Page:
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Congress, regulators look to limit port fees carriers charge

Congress, regulators look to limit port fees carriers charge
February 11, 2022

Ocean carriers have been imposing more and more considerable fees for containers that have been sitting for an extended period in the logjam that has snarled the supply chain during the Covid-19 pandemic. The U.S. lawmakers and regulators are taking a hard look at the charges and other shipping practices that critics say have sharply raised costs for American importers and hamstrung the ability of exporters to reach overseas markets.

While the new measures in Congress and actions by the U.S. maritime regulator, the Federal Maritime Commission, target a container shipping sector dominated by foreign-based carriers. From furniture and clothing importers to soybean and dairy exporters, Shippers welcomed the new legislation, which the American Apparel & Footwear Association said would “end these predatory practices.”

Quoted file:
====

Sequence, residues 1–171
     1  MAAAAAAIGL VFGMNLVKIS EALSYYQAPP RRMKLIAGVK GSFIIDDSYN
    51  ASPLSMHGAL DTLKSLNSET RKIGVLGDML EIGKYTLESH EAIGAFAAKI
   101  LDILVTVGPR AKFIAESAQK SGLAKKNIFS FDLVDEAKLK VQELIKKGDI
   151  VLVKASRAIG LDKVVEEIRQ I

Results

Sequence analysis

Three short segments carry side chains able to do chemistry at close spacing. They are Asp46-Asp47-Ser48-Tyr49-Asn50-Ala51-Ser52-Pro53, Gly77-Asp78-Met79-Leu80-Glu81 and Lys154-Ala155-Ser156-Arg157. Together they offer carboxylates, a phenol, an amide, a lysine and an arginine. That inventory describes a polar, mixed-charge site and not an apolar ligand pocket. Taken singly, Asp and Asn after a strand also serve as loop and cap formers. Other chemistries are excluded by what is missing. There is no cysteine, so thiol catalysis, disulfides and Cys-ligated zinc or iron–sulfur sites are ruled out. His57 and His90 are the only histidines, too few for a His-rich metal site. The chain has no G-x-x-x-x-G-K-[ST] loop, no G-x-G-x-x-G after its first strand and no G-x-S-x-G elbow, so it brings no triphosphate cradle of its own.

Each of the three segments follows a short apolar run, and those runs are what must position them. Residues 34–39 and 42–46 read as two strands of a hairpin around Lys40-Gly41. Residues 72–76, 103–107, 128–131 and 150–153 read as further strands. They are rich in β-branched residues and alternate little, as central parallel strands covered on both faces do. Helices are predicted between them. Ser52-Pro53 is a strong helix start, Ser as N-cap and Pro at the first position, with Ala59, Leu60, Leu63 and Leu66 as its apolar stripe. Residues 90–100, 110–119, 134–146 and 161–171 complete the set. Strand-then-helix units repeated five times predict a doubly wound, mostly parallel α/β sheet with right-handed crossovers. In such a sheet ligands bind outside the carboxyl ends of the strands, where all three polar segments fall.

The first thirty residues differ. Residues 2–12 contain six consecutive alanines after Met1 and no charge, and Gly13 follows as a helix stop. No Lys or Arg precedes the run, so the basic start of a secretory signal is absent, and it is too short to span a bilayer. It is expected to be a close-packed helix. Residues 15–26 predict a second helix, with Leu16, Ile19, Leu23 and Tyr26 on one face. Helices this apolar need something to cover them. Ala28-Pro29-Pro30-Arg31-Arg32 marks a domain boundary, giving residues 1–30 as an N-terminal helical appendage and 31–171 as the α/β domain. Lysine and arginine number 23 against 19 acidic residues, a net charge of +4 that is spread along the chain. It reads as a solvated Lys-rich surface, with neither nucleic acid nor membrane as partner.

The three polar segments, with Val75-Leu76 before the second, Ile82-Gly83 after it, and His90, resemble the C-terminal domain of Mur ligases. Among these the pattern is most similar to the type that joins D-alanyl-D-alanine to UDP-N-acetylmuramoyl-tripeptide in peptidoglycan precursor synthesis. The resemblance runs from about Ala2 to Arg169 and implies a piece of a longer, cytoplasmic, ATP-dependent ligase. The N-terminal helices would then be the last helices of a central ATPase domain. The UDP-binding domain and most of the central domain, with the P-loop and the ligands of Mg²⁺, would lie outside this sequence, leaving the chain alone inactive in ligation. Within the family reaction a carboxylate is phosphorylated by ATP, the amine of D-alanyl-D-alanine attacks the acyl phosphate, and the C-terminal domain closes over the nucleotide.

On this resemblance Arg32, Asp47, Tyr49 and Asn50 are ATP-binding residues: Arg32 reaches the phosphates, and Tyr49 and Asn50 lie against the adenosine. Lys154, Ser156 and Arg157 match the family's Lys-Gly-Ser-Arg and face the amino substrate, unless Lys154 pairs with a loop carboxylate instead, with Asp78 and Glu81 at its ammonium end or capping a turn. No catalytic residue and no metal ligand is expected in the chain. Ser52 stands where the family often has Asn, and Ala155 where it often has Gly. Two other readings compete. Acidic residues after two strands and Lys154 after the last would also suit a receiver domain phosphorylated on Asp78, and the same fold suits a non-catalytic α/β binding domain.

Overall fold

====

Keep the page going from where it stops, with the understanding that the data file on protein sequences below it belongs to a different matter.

Meanwhile, the FMC recently launched enforcement actions against several carriers, resulting in firms being fined and forced to repay fees. Thus, the moves follow a year in which importers suffered severe shipping delays and skyrocketing shipping costs. At the same time, exporters say carriers have turned down shipments in a rush to get empty boxes back to Asia for eastbound trade that draws far higher rates. The average prices for shipping a container from Asia to the U.S. In sequence, West Coast increased price by about 500% last September from a year earlier, rising to more than $20,000. After the Covid pandemic strained the global supply chain, causing freight backlogs that have driven up costs. Now, some companies are looking for longer-term solutions to prepare for future supply-chain crises, even if those strategies come at a high cost.


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